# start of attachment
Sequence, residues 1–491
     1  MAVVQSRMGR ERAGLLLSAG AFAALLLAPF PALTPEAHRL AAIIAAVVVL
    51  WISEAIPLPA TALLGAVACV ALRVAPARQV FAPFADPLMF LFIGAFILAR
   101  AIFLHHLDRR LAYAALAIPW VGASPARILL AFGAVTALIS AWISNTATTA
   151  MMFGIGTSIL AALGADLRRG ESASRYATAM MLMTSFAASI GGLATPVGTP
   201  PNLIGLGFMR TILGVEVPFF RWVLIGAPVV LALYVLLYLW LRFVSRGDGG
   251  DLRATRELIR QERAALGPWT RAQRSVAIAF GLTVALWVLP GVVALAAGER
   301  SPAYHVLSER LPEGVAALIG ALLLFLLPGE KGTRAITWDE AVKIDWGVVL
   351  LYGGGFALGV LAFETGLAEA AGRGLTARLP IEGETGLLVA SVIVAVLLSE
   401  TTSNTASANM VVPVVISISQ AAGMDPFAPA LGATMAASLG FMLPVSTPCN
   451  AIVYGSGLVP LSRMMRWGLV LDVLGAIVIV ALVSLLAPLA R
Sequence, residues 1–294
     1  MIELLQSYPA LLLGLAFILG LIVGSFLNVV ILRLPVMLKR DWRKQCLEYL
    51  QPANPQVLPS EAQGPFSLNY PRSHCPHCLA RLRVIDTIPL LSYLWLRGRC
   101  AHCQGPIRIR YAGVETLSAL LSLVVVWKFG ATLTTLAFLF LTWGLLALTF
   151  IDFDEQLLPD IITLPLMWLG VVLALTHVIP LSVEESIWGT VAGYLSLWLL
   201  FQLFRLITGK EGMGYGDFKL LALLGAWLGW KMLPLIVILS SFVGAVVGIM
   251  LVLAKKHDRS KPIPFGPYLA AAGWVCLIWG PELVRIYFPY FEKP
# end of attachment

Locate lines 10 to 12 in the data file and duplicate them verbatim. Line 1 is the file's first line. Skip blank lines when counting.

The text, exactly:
   401  TTSNTASANM VVPVVISISQ AAGMDPFAPA LGATMAASLG FMLPVSTPCN
   451  AIVYGSGLVP LSRMMRWGLV LDVLGAIVIV ALVSLLAPLA R
Sequence, residues 1–294